The “truth” about rogue states is a cold slap in the face for cringing Americans. America is our world’s sole remaining “rogue state” and the Bush insanity about “preemptive war” and the “fires of democracy” are the subtle hues of fascism. However, it is a given that the U.K. knee puppets are in lock step with Bush and therefore fall into that “rogue” category. Sadness is therfore the somber realization that all is lost in America and our democratic experiment has failed. The right to torture goes to those firmly in control of power and dissent is repressed and the “institution” reigns supreme. All hail the corporate-special interest and their victory came without hardly a shot being fired. Unless of course one is Muslim.

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  27. John Robert BEHRMAN says:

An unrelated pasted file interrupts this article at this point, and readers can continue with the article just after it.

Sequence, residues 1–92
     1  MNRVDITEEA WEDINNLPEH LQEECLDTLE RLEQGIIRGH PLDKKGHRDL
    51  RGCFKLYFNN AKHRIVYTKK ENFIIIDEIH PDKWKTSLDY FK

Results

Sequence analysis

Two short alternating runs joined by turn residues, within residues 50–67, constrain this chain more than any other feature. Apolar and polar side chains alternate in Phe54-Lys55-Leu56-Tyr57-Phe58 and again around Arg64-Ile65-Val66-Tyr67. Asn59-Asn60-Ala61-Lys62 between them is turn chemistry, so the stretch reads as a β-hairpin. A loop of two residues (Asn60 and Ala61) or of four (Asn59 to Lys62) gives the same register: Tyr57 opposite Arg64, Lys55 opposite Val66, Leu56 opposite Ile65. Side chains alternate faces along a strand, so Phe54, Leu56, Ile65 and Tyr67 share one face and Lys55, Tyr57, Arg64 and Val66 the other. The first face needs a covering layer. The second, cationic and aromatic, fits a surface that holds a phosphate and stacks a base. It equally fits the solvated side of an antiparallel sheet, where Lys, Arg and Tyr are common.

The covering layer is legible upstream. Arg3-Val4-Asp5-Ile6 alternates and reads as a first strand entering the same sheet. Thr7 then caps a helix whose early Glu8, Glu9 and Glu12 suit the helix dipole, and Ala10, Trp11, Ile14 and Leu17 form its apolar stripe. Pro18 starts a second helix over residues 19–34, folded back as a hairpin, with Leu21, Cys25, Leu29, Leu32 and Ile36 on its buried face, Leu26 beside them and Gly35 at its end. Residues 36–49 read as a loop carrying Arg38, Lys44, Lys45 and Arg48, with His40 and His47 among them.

I am comfortable with international political and economic doctrines derived from the period Michael Lind proposes to renovate — the heritage of E. M. HOUSE, Will CLAYTON, and Jubal R. PARTEN, for instance, — from my ‘hood, here in HOUSTON.
    Update the admiralty law of common carriage, and apply it to all digital media, and I think one could project much of that then to what we have to deal with today.
    However, the period LIND refers to was the end of a post-Civil War bi-partisan coalition that begin to erode in 1952 and vanished in 1994 (2002, here in Texas).
    Liberal Democrats and progressive Republicans did what they did on the basis of some Victorian or Edwardian military, political, and economic doctrines that seemed to provide a better foundation than previous attempts to perpetute slavery by judicial fiat or to engineer democracy through military occupation or coup d’etat from the right or left.
    Those white men limited the influence of the extremists and ideologues on the bench or in the streets who seemed to exploit the vanity of the rich, fears of the middle-class, or desperation of the working classes.
    They were principled, patriotic, and practical men who respected learning but patronized rather than either embraced or demonized, say, suffrage for women and all manner of schemes to improve what seemed like the sordid lives of non-white or just very poor people.